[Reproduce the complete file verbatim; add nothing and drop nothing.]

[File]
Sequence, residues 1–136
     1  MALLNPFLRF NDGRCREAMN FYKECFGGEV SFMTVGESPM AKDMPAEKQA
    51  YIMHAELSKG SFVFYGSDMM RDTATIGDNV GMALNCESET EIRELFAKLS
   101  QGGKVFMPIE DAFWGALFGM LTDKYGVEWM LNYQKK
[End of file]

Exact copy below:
Sequence, residues 1–136
     1  MALLNPFLRF NDGRCREAMN FYKECFGGEV SFMTVGESPM AKDMPAEKQA
    51  YIMHAELSKG SFVFYGSDMM RDTATIGDNV GMALNCESET EIRELFAKLS
   101  QGGKVFMPIE DAFWGALFGM LTDKYGVEWM LNYQKK